Sunday, January 31, 2010

MT-24EX on Sigma 150 and MP-E65

I explained about apparent light size in Full Flash Macro Photography - 3 Things you must know!. Since many people still find the apparent light concept hard to grasp, I specifically added this supporting post with more examples. These additional sample images have been added to the main post Full Flash Macro Photography - 3 Things you must know! as well.

Consider these two scenarios:

A: I used my Canon MT24EX Twin Flash with the DIY Diffusers on the Canon MPE65 1X-5X Macro Lens,

B: the same MT24EX with the same DIY Diffusers on the Sigma 150mm F/2.8.

I should be getting the same light, right?

If you answered Yes, you should read Full Flash Macro Photography - 3 Things you must know! again.

Now take a look at these two images:

mpe65 IMG_7564
sigma 150 IMG_7565

Both were shot at 1X, lit with the MT24EX and DIY Diffusers. Even without the text, you should still be able to tell which one was shot with which lens. Clues: look at the quality of the light - which one has nicer light? Which one harsher? Another clue: apparent light size. Look at the twin reflections on the scroll wheel.

MPE65 has a working distance of 4 inches from the front of lens to subject, whereas the Sigma 150, approximately 7.9 inches. The same DIY Diffusers will give better light because of the smaller working distance, and hence better apparent light size. And don't forget about the inverse square law for light and the higher virtual shutter speed. At 1:1, if i were to shoot in manual flash mode, i'd probably need only 1/4th power. With the sigma 150, i might need full power. Since all the light is from the flash at my normal full flash shot of F11, ISO100, 1/200, look what difference in virtual shutter speed i get courtesy of the flash duration:

Flash duration ( which is my virtual shutter speed)
1/1050 sec. at M1/1 (full) output
1/2700 sec. at M1/4 output

Sigma 150's longer working distance of 7.9 inches works against it on all 3 aspects: apparent light size, inverse square law and
Longer lenses are just not meant for Full Flash Photography.

I am not saying the Sigma 150 is not good. I wouldn't have bought it if i didn't think it was great. It's just different. I love it for its bokeh and working distance which allows me to shoot more skittish bugs that's not possible to approach with the MP-E65. But i use it mainly for Fill Flash and Natural Light shots. It's not impossible to use it for full flash and still get great light. You can always place the flash and diffuser off shoe, really close to the subjects. But how many times have you come across an insect in the wild that allows you to do that?

So if the same twin flash and same DIY Diffusers give harsher light on the Sigma 150 because of the longer working distance, how will it perform on the MPE65 at 2:1 (2.5" working distance), and 3:1 (2" working distance). Working distance info here.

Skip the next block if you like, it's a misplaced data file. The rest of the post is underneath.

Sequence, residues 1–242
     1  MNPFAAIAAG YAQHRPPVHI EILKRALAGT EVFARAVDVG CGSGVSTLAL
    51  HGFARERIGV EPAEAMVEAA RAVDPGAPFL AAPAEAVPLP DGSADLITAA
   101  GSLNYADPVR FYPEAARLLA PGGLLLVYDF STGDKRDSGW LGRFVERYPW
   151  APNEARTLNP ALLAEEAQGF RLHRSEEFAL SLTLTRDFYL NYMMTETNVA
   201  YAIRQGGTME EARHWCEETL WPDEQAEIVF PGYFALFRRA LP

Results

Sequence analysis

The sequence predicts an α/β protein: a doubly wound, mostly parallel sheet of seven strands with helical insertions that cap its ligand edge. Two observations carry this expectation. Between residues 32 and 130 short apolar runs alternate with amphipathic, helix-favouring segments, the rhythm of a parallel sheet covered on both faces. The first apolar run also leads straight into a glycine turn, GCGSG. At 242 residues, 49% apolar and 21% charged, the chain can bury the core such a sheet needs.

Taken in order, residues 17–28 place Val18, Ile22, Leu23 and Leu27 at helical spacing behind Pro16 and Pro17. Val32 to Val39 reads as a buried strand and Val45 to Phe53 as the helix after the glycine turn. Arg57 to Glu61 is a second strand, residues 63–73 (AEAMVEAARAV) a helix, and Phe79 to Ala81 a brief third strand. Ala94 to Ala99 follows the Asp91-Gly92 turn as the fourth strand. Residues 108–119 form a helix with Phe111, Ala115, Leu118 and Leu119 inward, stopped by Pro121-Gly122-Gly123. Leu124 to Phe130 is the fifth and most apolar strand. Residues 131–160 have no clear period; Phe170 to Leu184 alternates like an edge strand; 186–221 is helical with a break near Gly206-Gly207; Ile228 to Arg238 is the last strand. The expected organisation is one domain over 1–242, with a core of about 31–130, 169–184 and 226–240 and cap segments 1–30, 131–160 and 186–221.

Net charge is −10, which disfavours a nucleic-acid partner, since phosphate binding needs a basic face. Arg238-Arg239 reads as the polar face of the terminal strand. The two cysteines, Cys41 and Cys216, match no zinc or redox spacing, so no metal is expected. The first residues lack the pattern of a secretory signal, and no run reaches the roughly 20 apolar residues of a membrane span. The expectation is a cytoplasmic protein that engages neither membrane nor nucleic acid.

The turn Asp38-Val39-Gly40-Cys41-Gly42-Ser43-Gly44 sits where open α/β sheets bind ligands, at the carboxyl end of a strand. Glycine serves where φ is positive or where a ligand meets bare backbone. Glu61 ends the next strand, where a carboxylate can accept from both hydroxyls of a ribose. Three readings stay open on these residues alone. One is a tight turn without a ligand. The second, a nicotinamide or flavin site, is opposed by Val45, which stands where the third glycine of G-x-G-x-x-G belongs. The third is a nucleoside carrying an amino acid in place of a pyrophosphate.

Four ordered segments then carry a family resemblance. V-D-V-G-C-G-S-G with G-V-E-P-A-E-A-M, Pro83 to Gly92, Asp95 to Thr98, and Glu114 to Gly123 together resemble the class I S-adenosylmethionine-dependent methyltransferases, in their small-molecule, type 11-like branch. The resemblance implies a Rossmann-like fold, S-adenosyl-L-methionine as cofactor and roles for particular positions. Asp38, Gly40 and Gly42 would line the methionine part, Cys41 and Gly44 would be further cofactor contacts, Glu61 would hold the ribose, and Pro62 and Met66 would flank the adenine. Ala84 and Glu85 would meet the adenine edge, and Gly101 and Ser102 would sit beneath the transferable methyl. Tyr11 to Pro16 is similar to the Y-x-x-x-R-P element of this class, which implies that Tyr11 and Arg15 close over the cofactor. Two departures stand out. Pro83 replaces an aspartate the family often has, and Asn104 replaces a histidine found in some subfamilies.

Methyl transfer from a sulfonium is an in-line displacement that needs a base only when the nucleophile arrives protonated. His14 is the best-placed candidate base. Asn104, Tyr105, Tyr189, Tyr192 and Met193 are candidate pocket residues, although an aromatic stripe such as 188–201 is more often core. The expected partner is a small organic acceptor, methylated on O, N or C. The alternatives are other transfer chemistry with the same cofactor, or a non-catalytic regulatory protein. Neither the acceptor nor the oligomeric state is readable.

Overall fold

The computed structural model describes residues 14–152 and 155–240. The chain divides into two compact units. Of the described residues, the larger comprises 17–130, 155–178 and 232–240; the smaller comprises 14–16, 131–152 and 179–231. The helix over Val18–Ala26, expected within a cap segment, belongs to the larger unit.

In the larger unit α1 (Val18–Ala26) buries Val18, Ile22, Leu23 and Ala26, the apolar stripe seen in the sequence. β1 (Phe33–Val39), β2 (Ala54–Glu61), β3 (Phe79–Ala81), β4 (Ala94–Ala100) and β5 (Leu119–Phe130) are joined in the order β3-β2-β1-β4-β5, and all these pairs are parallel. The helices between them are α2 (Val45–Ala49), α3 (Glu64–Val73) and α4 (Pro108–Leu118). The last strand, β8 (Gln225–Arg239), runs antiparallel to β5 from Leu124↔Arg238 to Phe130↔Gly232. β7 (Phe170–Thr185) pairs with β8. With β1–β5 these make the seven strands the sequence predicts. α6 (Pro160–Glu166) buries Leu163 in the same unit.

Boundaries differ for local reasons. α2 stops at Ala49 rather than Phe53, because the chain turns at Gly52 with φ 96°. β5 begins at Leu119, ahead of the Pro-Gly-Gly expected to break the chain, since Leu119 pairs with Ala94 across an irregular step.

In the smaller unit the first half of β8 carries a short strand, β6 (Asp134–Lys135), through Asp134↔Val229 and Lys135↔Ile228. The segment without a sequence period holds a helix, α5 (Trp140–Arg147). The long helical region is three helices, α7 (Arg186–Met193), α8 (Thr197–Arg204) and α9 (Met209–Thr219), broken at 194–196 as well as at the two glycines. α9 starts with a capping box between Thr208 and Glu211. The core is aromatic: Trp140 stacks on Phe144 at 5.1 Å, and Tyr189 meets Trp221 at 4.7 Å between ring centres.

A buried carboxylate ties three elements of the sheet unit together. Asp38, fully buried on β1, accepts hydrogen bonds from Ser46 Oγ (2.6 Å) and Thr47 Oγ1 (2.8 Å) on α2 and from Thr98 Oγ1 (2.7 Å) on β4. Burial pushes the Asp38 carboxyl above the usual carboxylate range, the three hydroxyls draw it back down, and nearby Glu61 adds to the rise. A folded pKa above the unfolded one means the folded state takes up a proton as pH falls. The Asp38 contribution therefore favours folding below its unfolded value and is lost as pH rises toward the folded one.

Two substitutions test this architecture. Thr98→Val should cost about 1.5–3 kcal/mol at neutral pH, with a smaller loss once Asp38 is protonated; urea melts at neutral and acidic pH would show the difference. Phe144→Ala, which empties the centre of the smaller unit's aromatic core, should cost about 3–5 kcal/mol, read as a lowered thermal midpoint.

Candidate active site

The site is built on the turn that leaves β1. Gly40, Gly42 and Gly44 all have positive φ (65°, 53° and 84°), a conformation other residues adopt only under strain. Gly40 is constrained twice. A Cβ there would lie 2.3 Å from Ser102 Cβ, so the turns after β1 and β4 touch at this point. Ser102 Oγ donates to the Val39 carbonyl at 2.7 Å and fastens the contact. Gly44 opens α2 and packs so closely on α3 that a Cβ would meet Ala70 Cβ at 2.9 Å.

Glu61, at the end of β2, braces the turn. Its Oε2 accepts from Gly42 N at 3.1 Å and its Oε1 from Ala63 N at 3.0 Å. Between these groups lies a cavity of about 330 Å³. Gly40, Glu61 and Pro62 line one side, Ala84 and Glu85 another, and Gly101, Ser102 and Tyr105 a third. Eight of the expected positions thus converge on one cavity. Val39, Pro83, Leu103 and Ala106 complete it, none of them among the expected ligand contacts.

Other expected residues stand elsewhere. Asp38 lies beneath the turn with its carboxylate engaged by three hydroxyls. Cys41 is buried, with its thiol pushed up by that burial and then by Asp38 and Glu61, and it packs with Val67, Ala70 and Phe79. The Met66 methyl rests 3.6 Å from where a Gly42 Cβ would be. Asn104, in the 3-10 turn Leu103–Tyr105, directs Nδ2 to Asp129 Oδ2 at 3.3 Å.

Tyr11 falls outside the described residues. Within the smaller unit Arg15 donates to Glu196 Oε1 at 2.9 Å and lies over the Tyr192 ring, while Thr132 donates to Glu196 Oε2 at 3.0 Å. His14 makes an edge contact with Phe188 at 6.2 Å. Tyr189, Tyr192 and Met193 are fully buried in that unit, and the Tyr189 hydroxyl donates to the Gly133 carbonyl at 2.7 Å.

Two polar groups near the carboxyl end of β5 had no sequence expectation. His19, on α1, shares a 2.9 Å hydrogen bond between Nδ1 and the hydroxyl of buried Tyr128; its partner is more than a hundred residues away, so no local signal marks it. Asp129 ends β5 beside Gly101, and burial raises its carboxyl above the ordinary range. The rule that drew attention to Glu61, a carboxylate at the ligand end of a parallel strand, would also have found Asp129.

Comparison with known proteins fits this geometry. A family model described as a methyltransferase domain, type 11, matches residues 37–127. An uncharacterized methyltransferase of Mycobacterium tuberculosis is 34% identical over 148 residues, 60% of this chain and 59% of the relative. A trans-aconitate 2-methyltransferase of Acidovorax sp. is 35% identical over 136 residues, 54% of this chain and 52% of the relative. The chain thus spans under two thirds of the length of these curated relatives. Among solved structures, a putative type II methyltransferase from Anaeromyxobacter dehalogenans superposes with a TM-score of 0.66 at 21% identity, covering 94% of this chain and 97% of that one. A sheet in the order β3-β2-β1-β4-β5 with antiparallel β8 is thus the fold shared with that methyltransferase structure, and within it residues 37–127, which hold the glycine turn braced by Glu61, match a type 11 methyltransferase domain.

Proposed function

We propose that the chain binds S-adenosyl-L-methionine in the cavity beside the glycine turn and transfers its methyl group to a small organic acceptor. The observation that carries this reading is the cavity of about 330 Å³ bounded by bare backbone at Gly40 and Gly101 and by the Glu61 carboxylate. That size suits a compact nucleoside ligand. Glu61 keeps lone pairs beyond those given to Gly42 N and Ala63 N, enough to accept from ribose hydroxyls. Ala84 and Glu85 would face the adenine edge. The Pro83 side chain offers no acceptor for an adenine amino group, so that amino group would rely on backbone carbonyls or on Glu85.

I am sure you know the answers already by now. Nicer, more diffused light, of course:)

mpe 2x IMG_7567

mpe 3xIMG_7568

All shot with Canon MPE65 1X-5X macro lens and/or Sigma 150mm macro lens with MT24EX Twin Flash

However, it is worth mentioning that if you use an adapted concave diffuser on longer lenses like the Sigma 150, you can still get very good diffusion. Look for KJ Teng's and CheeWai's macro rig and sample images in this post,

DSC_4284-1 KJ Teng's macro rig concave diffuser
KJ Teng's macro rig. SB900 on hotshoe, but he has since upgraded to R1 twin flash.

macro rig double diffusion sml_DSCN4933
CheeWai's Macro Rig, 270EX on Dual Arm Macro Bracket.

Thursday, January 28, 2010

Up close with a cute ant-mimic crab spider :)

A very cute and rare (to me :D) ant-mimic crab spider, Amyciaea lineatipes?.

All images shot with a Canon 40D, Canon MP-E65 1X-5X macro lens and Canon MT-24EX Twin Flash with DIY Diffusers.


IMG_6364 DT copy

If you would like to see more spiders, check these out:
1. Ant-mimic crab spider eating weaver ant
2. More ant-mimic spiders
3. Wonderful jumping spiders
4. Ant-mimic crab spider - mating!
5. Male red ant-mimic jumping spider

Friday, January 22, 2010

What metering mode to use when shooting macro?

Spot? Partial? Evaluative? Center Weighted? What mode to use?

I shoot mainly full flash in ETTL mode so i am guessing the metering mode won't matter. How ETTL works (from Canon site):

Canon's flagship flash mode, E-TTL stands for "Evaluative Through-The-Lens" flash exposure control. In E-TTL, the meter reads through the lens, but not off the focal plane. Utilizing a preflash fired after the shutter button has been fully depressed - but before the camera's reflex mirror goes up - E-TTL uses the camera's evaluative metering sensor to analyze and compare ambient light exposure values with the light reflected from the subject by the preflash. This data is used to calculate and store the flash output required for optimum exposure of the main subject (identified by the AIM system), while maintaining a subtle balance between foreground and background. This method provides several extra features such as Flash Exposure Lock (a method of spot metering with flash) and FP flash mode (the ability to use flash at high shutter speeds). E-TTL requires the use of EX-series dedicated Speedlites such as the 550EX, 420EX, 220EX, 270EX, Canon MT-24EX Twin Flash or Canon MR-14EX Ring Flash in combination with a compatible camera.